Karst features of narrow limestone belts - case study of the ridge Dževrinska Greda, Eastern Serbia, 2001,
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Ć, Alić, Ljubojević, Jelena

The paper presents several most interesting features of the ridge Dževrinska Greda (Carpatho-Balkanides, Eastern Serbia). Being 20 km long and, on average, 100-300 m wide, this narrow limestone belt is a typical polygon for contact karst and fluviokarst research. Beside examples of features such as through cave, through gorge, dry and blind valleys, there is also a discussion on types of contact (tectonic and sedimentary), impact of fluvial factors, directions of groundwater flow, etc.

Contact karst of Southern Velebit (Croatia), 2001,
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Perica Draž, En, Buzjak Nenad

Due to the predominance of soluble and broken carbonate beds on Velebit Mt., karst is main relief type there. But there also contact karst or fluviokarst occurs. It is developed in the parts where the alternation of permeable carbonate and less permeable or impermeable Carboniferous, Permian and Triassic beds occurs. Most significant contact karst forms in the area of Southern Velebit are Oštarijsko polje, Crno vrilo creek blind valley and Bunovac valley.

Landscape Evolution and Cave Development in Response to Episodic Incision of the Cumberland River, Tennessee and Kentucky, USA., 2003,
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Anthony, Darlene M. Ph. D.

Episodic incision punctuated by periods of base level stability during the Plio-Pleistocene left the Upper Cumberland River in Tennessee and Kentucky deeply entrenched into the unglaciated Appalachian Plateaus. The relative chronology of episodic river incision and base level stability is well documented thanks to over a century of careful mapping of upland surfaces, inset straths, and terrace gravels. Constraining the timing of these incision events has been difficult, however, primarily due to a lack of suitable dating methods for terrace materials ranging from several hundred thousand to several million years of age, and reworking of upland gravels onto lower terraces. These problems are solved by dating the burial age of undisturbed cave sediments in place of terrace deposits, using the differential decay of cosmogenic 26Al and 10Be in quartz exposed to cosmic radiation at the surface. This study offers a new chronology of river incision beginning with initial incision into the Highland Rim after ~3.5 Ma; development of the Parker strath between ~3.5 and ~2 Ma; incision of the Parker strath at ~2 Ma; development of a major terrace beneath the Parker strath between ~2 and ~1.5 Ma; incision into this terrace at ~1.3 Ma; and the development of several discontinuous terraces above the modern flood plain between ~1.3 Ma and the present.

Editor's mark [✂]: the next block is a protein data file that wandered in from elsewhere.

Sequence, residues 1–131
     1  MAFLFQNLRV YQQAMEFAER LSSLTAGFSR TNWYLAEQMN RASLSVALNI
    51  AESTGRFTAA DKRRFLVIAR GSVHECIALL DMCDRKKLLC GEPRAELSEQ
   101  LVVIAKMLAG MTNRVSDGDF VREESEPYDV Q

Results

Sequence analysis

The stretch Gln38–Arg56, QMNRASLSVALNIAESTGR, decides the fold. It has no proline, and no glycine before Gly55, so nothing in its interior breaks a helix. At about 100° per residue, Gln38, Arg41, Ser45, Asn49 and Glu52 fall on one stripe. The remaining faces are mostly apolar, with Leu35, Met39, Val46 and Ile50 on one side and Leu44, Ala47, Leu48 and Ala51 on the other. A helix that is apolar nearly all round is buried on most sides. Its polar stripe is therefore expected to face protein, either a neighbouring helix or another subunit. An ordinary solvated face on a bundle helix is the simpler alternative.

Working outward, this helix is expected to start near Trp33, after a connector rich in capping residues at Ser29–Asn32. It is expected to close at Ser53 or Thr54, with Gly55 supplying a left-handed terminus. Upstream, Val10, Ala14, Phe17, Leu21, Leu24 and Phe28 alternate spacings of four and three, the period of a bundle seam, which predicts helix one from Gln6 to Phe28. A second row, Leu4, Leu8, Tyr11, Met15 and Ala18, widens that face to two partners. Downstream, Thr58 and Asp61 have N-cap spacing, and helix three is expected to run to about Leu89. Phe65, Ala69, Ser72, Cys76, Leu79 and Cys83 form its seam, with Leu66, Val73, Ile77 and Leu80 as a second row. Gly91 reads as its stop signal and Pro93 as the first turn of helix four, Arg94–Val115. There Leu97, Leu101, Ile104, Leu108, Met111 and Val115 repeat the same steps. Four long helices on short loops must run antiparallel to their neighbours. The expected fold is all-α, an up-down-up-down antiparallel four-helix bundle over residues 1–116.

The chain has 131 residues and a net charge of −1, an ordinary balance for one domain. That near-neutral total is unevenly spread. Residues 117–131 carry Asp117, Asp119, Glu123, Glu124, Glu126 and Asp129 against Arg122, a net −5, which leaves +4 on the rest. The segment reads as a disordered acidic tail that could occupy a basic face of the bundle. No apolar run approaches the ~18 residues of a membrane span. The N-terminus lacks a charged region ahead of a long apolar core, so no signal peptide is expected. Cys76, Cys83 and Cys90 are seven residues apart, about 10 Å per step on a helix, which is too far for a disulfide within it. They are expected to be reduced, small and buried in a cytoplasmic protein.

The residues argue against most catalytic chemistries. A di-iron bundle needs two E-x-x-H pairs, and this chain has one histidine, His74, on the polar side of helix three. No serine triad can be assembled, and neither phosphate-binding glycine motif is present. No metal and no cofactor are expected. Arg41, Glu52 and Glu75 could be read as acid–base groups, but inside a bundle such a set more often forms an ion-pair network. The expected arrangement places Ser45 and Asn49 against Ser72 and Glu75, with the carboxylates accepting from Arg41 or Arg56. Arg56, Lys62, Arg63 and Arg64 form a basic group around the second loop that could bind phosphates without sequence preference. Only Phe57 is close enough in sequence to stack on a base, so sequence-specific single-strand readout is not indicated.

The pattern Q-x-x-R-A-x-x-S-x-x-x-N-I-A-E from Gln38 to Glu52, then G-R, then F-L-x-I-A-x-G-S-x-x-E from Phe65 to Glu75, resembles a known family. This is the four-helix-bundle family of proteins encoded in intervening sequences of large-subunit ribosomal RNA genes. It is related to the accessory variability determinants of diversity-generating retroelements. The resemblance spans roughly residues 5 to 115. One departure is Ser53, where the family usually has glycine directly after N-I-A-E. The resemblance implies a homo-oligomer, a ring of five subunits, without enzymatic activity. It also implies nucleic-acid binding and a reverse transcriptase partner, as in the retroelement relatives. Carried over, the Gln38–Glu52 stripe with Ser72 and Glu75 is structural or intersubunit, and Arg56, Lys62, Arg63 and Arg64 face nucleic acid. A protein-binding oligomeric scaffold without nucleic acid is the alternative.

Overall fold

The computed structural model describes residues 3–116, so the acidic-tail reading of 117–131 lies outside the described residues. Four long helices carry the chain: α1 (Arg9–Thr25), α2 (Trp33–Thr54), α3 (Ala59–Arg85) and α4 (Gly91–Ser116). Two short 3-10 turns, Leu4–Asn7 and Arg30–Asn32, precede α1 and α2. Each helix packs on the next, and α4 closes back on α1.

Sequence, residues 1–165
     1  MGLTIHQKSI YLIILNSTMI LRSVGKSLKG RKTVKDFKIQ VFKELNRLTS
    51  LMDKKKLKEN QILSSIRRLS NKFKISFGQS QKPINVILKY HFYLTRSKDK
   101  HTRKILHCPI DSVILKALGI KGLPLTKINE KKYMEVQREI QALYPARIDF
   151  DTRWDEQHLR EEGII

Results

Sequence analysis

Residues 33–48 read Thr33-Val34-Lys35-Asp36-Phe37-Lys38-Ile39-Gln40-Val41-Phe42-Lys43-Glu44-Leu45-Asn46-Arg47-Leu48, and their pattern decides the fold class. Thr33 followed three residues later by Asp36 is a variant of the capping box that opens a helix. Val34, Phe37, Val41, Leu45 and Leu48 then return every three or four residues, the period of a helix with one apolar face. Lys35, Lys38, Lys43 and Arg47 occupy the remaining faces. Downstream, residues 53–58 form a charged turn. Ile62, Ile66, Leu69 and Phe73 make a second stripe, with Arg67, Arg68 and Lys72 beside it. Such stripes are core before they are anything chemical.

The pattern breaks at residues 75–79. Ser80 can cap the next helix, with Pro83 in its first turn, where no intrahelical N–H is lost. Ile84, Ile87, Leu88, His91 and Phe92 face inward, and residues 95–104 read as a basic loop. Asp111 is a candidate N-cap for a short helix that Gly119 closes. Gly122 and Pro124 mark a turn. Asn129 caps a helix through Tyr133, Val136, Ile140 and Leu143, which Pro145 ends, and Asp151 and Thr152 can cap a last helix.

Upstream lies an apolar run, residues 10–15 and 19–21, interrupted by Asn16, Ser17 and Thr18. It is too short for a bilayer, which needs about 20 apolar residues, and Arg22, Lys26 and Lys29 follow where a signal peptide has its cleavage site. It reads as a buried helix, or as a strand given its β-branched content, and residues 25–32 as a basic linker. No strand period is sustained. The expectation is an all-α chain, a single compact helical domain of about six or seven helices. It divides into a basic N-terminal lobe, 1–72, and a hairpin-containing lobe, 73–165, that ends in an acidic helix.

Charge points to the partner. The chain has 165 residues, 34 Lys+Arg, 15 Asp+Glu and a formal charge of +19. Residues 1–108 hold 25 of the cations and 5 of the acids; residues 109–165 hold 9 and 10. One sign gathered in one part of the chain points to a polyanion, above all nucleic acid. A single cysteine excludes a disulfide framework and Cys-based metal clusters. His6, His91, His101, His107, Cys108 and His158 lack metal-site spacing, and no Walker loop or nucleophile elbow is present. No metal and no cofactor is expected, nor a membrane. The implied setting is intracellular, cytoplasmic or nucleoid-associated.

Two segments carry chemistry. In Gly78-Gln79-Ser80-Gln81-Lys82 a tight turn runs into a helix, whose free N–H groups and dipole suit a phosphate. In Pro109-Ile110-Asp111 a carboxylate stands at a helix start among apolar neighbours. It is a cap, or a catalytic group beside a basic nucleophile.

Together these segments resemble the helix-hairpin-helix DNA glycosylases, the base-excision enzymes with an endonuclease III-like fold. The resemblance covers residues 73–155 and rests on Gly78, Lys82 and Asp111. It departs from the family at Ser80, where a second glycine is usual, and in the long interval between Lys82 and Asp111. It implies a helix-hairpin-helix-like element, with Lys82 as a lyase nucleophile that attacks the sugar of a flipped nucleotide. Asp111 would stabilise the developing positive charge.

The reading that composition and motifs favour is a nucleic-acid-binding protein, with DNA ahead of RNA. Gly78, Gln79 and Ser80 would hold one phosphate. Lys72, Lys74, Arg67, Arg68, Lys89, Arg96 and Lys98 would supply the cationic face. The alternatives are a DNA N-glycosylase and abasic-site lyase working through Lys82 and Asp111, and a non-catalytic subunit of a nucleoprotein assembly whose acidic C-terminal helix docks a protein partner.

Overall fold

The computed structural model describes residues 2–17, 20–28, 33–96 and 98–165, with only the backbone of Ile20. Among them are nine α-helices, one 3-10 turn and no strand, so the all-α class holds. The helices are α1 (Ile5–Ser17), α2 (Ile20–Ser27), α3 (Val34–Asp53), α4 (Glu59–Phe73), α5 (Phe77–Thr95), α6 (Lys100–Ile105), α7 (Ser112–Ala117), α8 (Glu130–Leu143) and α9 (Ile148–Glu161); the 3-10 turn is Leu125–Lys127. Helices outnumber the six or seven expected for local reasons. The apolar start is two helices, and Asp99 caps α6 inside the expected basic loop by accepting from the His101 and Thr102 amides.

Large caves on tributaries of the Upper Cumberland River record a headward wave of incision in the Pliocene and Early Pleistocene. The passage of a knickpoint in the system is modeled as a perturbation to steady-state incision according to the stream power law, which is tested against the abandonment dates in seven caves. Model results for m/n = 0.68 are within previously published theoretical and empirical values of 0.5 to 1.0, but suggest that values for the drainage-area exponent m are several times higher
than previous studies. This may be caused by a stronger variance of discharge to drainage area in fluviokarst reaches compared with non-karst watersheds. Knickpoint migration rates in limestone bedrock channels of fluviokarst tributaries to the Cumberland River are calculated between 10-18 cm/year during the Plio-Pleistocene, with m = 1.91 and m/n = 0.79.

Relation between Karst and Fluviokarst Relief on the Slunj Plateau (Croatia), 2003,
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Boč, Ić, Neven